Giving hope to persecuted Christians since 1995
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By Claire Evans

10/16/2017 Washington D.C. (International Christian Concern) – She was just 11 years old when ISIS captured her. As a Yazidi, the young girl belongs to a religious minority group targeted by ISIS for sexual slavery. The militant who took her as his second wife barbarically shattered her childlike innocence. The fury of his first wife had no mercy for the small child whose nights were filled with abuse. During the day, the child was beaten by the militant’s first wife. For two years, there was no mercy. No respite. No peace.

Thankfully, she was eventually rescued. But like the thousands of other women and girls targeted by ISIS because of their faith, her life would no longer be the same. Their captors stole more than years. Their captors stole their lives and freedom. ISIS stole their hope.

The sexual enslavement of religious minority women is deeply enshrined in ISIS’s theology, and even used as a recruitment tool. Despite ISIS’s physical retreat from the battlefield, the funds generated from human trafficking continue to be a significant source of income. By labeling non-Muslims as unbelievers, ISIS systematically dehumanized religious minorities in an attempt to condone barbarism.

Although ISIS targeted both Yazidi and Christian women, the experience of Yazidis was especially harsh. Christians were given the opportunity to convert, pay the jizya tax or, depending on the circumstances, leave. Yazidis had only two options: death or enslavement. Raghad, a Christian, remarked, “Over the past three years, we all heard how ISIS behaves with civilians and how it differs from treating their followers… they may kill you at any point because they hate life. Lots of women suffered from sexual slavery with ISIS, especially the Yazidi women. For us, as Christians, they allowed us to leave unlike what they did with the Yazidis at Shenkal Mountain.”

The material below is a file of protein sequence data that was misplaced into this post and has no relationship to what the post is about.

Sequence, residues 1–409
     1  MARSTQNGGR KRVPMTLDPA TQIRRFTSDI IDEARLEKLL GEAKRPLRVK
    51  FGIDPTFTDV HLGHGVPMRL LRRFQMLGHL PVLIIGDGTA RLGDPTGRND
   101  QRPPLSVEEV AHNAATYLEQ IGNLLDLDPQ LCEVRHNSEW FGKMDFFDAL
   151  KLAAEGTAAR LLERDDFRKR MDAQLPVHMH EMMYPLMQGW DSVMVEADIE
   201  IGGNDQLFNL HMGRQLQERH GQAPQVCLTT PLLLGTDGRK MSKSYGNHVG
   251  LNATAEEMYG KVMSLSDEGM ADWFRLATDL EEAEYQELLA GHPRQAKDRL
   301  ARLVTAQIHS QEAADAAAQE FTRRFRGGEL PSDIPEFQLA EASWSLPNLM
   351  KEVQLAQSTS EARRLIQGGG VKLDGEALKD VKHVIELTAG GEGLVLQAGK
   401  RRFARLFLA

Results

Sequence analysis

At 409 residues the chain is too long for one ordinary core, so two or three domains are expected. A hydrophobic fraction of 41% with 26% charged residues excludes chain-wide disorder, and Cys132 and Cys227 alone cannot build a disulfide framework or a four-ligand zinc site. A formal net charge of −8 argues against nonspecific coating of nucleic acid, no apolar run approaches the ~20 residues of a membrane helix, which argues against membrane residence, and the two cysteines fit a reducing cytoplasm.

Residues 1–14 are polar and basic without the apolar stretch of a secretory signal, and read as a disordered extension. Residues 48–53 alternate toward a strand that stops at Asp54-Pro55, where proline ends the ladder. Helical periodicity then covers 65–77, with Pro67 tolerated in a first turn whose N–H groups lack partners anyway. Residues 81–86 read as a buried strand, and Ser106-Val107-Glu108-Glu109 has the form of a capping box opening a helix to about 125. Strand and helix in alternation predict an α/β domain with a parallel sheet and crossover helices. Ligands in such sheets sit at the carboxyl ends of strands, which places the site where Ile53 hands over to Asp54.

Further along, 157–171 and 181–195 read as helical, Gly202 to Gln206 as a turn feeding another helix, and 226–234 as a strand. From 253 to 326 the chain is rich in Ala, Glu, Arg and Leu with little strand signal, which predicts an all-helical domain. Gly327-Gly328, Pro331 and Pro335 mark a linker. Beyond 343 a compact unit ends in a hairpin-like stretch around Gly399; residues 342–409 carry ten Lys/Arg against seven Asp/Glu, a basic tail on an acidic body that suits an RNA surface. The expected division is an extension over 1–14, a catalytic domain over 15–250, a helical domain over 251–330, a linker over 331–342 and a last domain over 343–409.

Although ISIS no longer controls territory in northern Iraq, memories of the militants’ brutality still hold many women captive. One survivor likened the experience to the forceful creation of deep sepulchral holes within one’s self and community. Many women return home from captivity with only the black niqab that their captors forced them to wear—all other colors forcefully eliminated from their lives. Some women, captured when they were young girls, have forgotten details from their life before. They return home, only to find that the physical devastation of their communities is a visible metaphor of their own internal trauma.

These women are desperately in need of support, but help is largely lacking. Most of the aid that arrives is for refugees, not internally displaced people groups. Even less of that aid reaches the Yazidi community. What aid does arrive fails to meet the special needs of the women traumatized by ISIS. Dr. Neman Ghafouri, founder of the Joint Help for Kurdistan, works to provide counseling and medical care for these women. She said, “They came back and need proper help, but the help is not there. The disappointment, the sadness in their voice is something that breaks my heart. It takes all of my energy. On top of everything that they have gone through, they come back to this life. It’s really heartbreaking.”

She described displaced Yazidi communities as places where “Everybody just waits for the day and night without any aim, without any step forward. They just wait, having lost their hope. Many places have been liberated, but no one has helped them rebuild their homes. They are just left as they are.”

Their lost hope is also partially reflective of their concern for the many women who remain lost in captivity. ISIS may be retreating from the battlefield, but the militants’ theology toward religious minority women remains intact. Some women were killed and buried in mass or unmarked graves. Others long ago disappeared along ISIS’s human trafficking routes, never to be heard from again. Still others continue to be held captive by fighters.

Families are worried about the fate of their loved ones, and many are left without answers. Throughout her work, Dr. Ghafouri has routinely noticed that “most don’t allow themselves to be happy so long as they have family in captivity.” The solution? “Show them that being happy is a sharp whip against Daesh.”

Finding happiness after trauma is no small task. The scars of their captivity will continue to haunt these women for years to come – longer, if they are unable to have the space needed for healing. As Dr. Ghafouri said, these women already “have great resilience. It is possible [to heal], and we have seen many examples of it… We need to show interest and awareness. We are all human beings.”